The interior layout, fit and finish
Settling down into the comfortable and supportive seat, it’s easy to find a driving position that suits you, thanks to plenty of adjustment for both the seat and the steering wheel. You sit fairly upright in the Levorg, so the view out over the bonnet is more akin to that of a small SUV rather than a low-slung estate car.
Around the top of the dashboard and doors are plenty of soft-touch materials that feel pleasingly squishy. Move to the lower areas, though, and things aren’t quite so good. Plastics get harder, scratchier and not very appealing; the Skoda Octavia Scout feels classier inside for similar money.
While it’s good that there are controls on the Levorg’s steering wheel, there’s a pretty overwhelming number of them (about 20), so it takes a while to get your head around what they do. As for the infotainment system, it’s some way behind the best out there, with small icons, slow response times and dated-looking graphics. Factor in instruments that can be hard to read – including a trip computer that’s mounted oddly high up – and you’re left with an interior that, while not unpleasant, is quite a way behind others in this price category.
Passenger & boot space
How it copes with people and clutter
There’s a fine amount of room in the front of the Levorg and just about enough room in the rear for a couple of large adults, although a third is a squeeze. The boot is a useful size, so it will be fine for a week’s worth of holiday luggage. However, if capacity is a priority, the Octavia Scout is a much better bet. In fact, even the regular hatchback Octavia has a bigger boot than the Levorg.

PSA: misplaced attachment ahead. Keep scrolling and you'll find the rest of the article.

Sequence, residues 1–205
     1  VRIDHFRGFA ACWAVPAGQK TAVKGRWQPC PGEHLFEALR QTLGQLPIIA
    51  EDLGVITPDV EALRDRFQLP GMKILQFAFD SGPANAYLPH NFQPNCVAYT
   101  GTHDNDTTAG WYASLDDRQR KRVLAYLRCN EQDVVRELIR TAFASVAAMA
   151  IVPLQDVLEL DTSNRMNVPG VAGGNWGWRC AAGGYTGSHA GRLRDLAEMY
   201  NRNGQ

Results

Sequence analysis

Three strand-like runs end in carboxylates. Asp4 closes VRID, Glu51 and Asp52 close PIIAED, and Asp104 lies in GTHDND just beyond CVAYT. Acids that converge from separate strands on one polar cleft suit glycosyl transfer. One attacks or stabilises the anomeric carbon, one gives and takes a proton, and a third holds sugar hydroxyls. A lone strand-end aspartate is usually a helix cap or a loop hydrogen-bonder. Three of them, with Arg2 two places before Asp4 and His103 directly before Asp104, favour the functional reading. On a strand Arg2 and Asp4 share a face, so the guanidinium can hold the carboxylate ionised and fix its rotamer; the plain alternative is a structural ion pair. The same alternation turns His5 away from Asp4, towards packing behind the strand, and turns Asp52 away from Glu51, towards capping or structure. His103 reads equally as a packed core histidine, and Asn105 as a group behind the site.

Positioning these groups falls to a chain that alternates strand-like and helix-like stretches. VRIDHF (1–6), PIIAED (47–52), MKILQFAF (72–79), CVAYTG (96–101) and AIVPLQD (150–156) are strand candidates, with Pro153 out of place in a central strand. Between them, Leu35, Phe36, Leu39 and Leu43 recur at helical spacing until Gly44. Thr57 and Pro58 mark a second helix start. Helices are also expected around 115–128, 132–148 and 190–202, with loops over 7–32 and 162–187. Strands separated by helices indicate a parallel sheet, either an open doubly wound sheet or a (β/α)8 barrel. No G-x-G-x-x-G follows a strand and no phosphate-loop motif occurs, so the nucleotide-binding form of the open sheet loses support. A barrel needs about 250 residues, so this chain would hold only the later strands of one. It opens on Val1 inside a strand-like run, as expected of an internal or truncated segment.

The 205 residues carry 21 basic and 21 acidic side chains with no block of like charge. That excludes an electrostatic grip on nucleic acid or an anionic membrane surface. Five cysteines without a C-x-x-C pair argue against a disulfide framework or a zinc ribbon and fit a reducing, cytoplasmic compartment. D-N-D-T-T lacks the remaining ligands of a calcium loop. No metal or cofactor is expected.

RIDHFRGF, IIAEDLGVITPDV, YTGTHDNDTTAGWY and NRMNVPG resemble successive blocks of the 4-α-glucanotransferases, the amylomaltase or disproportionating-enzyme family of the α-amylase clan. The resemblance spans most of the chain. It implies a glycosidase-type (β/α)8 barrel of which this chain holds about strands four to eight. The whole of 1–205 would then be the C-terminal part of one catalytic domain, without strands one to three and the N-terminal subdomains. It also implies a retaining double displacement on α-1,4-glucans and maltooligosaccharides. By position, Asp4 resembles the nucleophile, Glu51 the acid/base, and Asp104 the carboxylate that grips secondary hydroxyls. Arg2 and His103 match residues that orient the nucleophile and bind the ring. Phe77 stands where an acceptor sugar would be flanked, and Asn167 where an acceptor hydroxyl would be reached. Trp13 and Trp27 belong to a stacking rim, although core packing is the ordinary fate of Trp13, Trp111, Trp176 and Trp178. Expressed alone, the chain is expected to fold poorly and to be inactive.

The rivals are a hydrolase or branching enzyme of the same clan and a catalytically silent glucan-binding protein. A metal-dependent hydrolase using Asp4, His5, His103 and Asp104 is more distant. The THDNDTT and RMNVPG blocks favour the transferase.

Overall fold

Folding down the 60/40-split rear bench is easy, thanks to a spring-loaded mechanism. Once the seats are down, you’re left with a completely flat loading bay that, again, is a useful size but still dwarfed by rivals’.
Buying & owning
Everyday costs, plus how reliable and safe it is
This is an area in which the Levorg really does struggle against rivals. A relatively large-capacity, naturally aspirated engine with a CVT gearbox isn’t a very fuel-efficient combination; official CO2 emissions of 167g/km put benefit-in-kind tax for company car users at a hefty rate, while first-year road tax is similarly pricey.
As you may already have guessed, this means fuel economy isn’t great, either. The Levorg returns an official average of 32.6mpg, but you can expect it to achieve less in reality, especially with a lot of town driving. If you really baby it on the motorway and don’t cause the engine revs to soar, you can achieve more than 40mpg, but, by comparison, the exclusively-diesel Octavia Scout should return 50mpg at ease, with scope for more.
The Levorg’s purchase price is also pretty steep, considering its size and performance. Sure, you get plenty of standard equipment and four-wheel drive, but its interior feels too cheap. This ambitious pricing puts the Levorg roughly in line with the Octavia Scout but also makes it more expensive than many other more accomplished rivals, such as the Skoda Superb Estate and Volkswagen Passat Estate, which are generally more competent it in every area.
At least Subaru offers a comprehensive warranty: a full five years or 100,000 miles. That said, you might well not even need this, because the Japanese brand finished an impressive fifth out of 31 manufacturers in our most recent Reliability Survey.